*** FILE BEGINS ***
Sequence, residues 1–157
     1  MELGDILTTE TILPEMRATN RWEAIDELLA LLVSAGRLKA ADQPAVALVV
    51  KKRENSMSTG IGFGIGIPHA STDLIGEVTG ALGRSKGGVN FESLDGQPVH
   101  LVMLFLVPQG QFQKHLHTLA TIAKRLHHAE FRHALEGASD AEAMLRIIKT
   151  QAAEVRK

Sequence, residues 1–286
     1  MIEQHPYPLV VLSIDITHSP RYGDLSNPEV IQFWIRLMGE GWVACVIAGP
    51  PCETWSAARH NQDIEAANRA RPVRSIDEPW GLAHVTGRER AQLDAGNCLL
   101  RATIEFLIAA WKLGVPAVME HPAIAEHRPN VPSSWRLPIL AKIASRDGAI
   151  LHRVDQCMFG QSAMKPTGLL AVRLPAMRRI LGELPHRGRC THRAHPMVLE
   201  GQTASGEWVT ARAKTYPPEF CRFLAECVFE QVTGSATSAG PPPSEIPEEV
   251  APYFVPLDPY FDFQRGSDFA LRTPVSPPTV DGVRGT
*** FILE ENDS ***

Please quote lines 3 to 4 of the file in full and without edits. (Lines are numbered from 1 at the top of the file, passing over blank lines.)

    51  KKRENSMSTG IGFGIGIPHA STDLIGEVTG ALGRSKGGVN FESLDGQPVH
   101  LVMLFLVPQG QFQKHLHTLA TIAKRLHHAE FRHALEGASD AEAMLRIIKT